Let's say I'm programming a small RPG game. I have several instances of the Enemy class. They share common properties (they all have a name, an amount of life/strength/dexterity/a weapon, etc), but all these values are different for each enemy. I'm looking for an appropriate way to initiate these instances.

I'm new to programming and Java, so I'm looking for the best practice to properly organize information in my project.

My first idea was, when creating the instance of the game, to instantiate all the occurrences of the required enemies in the constructor of the Game object, and put everything in a vector. Something like Enemy e1 = new Enemy("goblin", 10, 14, 10, a_weapon, ...). But this can get very tedious if there are a lot of enemies, a lot of properties, it gets very hard to maintain, and I don't find very "logical" to put that in the constructor of the Game object.

I just discovered XML files, and it looks promising. So maybe I could put everything in an XML file, and parse it in my program to extract the data and create all the enemies from it. It could look like


I guess I could write a function that parses the XML file, extract the data and create the vector of enemies automatically, so I just have to edit the XML file to modify the values.

However, and before I dig into this solution, I want to ask if this is the preferred method, and if not, what would be the most common way of managing this kind of situation.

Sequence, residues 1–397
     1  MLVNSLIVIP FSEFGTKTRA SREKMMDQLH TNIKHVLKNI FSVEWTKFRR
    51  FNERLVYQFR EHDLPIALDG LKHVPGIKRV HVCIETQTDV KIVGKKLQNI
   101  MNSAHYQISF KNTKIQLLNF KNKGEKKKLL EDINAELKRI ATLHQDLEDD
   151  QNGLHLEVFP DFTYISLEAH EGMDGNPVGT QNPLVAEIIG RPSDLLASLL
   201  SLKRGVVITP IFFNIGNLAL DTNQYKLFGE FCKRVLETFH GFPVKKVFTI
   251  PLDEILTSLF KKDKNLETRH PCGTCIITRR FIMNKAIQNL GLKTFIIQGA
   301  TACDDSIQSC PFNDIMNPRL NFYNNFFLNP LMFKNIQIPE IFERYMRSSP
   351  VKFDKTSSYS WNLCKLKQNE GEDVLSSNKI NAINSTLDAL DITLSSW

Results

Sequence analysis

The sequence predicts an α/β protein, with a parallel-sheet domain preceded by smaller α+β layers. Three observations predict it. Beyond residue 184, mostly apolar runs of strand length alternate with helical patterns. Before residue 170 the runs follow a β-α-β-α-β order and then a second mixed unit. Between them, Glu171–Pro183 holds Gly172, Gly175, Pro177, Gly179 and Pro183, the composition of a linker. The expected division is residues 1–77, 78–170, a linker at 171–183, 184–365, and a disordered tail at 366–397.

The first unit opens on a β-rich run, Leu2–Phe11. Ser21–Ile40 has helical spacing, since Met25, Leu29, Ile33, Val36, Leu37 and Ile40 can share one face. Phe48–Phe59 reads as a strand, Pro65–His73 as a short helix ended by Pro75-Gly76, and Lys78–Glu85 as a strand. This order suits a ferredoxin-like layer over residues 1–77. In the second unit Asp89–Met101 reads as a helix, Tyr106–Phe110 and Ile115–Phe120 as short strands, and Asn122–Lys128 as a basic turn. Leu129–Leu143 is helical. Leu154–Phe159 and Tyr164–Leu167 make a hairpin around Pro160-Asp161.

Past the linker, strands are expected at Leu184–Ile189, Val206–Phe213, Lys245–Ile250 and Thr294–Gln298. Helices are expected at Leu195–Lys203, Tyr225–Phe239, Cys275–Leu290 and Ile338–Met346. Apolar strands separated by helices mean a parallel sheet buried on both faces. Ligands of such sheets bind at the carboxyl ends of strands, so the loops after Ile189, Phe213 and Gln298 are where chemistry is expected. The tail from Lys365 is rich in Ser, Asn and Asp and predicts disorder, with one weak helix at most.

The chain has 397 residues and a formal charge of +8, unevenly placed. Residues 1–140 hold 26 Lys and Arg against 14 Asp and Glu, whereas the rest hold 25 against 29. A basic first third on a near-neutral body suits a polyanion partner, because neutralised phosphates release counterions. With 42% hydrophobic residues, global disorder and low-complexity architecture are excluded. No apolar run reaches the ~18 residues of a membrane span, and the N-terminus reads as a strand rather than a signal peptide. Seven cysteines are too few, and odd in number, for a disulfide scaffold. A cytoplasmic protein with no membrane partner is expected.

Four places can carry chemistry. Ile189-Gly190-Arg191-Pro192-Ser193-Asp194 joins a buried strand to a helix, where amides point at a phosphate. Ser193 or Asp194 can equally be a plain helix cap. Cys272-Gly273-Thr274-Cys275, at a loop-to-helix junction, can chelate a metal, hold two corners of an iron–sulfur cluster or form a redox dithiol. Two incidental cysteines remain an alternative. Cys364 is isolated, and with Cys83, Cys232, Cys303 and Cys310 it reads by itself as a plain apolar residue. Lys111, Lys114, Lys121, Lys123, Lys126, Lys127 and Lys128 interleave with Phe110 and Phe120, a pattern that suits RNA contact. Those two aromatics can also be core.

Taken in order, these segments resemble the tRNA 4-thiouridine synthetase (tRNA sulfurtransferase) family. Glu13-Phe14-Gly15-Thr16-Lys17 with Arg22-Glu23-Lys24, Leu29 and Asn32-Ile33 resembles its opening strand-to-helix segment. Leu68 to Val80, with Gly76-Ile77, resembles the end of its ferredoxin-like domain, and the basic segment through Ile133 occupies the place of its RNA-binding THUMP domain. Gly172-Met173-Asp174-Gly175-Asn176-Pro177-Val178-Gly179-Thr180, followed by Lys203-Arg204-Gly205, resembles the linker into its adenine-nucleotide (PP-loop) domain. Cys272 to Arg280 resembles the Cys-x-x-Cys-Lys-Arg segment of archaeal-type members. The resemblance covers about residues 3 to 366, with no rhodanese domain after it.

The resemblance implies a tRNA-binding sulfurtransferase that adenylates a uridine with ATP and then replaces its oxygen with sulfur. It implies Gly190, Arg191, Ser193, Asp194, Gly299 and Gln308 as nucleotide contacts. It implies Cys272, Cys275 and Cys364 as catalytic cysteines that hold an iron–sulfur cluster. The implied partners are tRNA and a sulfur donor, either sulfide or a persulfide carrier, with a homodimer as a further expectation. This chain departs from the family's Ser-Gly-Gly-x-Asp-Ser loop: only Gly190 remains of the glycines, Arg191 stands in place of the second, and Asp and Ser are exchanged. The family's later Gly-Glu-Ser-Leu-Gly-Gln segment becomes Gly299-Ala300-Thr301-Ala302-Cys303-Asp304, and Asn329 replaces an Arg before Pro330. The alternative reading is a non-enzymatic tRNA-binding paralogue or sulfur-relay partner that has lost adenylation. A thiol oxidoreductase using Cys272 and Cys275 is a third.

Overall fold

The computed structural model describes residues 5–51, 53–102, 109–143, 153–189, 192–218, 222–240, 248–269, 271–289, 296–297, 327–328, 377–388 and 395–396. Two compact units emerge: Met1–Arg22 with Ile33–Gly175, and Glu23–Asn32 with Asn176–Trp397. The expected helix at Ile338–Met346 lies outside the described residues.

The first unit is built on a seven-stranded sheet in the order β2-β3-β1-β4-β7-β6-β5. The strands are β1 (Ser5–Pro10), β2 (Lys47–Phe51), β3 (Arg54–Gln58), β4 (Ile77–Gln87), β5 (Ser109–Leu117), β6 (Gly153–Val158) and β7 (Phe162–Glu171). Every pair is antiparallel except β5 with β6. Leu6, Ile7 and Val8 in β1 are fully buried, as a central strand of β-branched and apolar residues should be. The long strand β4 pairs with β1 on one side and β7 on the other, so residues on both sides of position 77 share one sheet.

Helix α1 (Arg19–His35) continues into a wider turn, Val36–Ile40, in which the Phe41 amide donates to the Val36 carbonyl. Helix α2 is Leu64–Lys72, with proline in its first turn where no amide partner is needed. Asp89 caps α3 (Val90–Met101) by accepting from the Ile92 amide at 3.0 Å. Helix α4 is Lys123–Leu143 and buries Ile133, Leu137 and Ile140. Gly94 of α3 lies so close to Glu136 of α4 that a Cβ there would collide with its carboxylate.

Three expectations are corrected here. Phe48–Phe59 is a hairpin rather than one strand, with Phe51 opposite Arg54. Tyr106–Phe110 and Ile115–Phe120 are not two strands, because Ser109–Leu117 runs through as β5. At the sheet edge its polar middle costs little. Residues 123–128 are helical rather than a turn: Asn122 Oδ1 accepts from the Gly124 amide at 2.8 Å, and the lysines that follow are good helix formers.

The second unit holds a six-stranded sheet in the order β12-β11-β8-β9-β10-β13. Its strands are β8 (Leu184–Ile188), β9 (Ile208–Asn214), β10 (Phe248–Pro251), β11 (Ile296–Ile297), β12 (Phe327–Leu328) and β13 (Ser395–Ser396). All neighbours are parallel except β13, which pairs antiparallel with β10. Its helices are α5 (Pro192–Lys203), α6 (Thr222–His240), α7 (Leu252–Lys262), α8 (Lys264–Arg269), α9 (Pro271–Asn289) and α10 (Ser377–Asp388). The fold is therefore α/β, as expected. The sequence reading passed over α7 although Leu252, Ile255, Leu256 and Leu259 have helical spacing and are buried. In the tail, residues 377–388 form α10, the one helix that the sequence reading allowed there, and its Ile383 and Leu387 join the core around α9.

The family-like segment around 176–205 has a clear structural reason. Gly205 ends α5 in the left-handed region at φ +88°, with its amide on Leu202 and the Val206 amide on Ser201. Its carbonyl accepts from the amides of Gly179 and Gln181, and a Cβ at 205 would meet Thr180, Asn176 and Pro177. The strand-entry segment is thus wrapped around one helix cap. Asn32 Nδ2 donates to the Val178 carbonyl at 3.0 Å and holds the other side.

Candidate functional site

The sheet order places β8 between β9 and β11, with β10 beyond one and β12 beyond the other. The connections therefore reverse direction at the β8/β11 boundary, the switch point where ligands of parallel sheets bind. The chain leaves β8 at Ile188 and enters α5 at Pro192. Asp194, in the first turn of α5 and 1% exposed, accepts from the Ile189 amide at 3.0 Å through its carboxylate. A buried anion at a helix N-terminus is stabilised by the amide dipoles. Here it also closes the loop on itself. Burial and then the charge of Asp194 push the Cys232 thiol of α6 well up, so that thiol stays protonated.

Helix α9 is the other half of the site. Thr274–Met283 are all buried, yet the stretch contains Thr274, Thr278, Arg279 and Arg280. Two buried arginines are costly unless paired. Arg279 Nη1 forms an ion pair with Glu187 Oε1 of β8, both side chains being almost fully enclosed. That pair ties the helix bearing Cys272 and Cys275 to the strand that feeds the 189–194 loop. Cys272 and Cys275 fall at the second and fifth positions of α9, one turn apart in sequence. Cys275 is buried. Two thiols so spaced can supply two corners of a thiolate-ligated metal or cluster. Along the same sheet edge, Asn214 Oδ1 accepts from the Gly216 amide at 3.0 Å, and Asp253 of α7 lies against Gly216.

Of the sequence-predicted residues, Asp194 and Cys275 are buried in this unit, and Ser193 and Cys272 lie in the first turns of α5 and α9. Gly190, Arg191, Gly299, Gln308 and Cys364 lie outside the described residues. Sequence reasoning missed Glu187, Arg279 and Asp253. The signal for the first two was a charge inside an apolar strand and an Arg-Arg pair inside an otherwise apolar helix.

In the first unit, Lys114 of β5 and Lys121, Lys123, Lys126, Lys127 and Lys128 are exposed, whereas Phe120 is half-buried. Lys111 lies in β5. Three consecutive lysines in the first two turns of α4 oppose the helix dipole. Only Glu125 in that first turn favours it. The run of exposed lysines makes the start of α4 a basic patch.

• This is very much opinion based because it ties very closely to your data needs. XML is generally considered very wordy, with a lot of boiler plate to hold a relatively small amount of data -- but if it works for you, great! (Use a library like Jackson to parse it, btw, don't try to do it manually.) Or you could use JSON. Or you could stuff it into a database. It all depends on your use cases and is a design decision you need to make as the developer/architect. – Roddy of the Frozen Peas Jul 24 '18 at 17:31
  • As mentioned above, using JSON is a much better approach for me. In fact it depends on the design of you application. If you elect to go with an implementation that stores all the information in files, any file structure would serve you good (even CSV). Ideally for me this information should be saved in a database but since you're new I suggest to just go with the easier option. One last thing, I would suggest against using Vector for holding your enemies. Vectors synchronize on almost every operation and can have tremendous overhead. – Aris_Kortex Jul 24 '18 at 18:16
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    Thanks to both of you. I now understand that I need to work on my architecture before I can go any further. – cyphics Jul 24 '18 at 21:59

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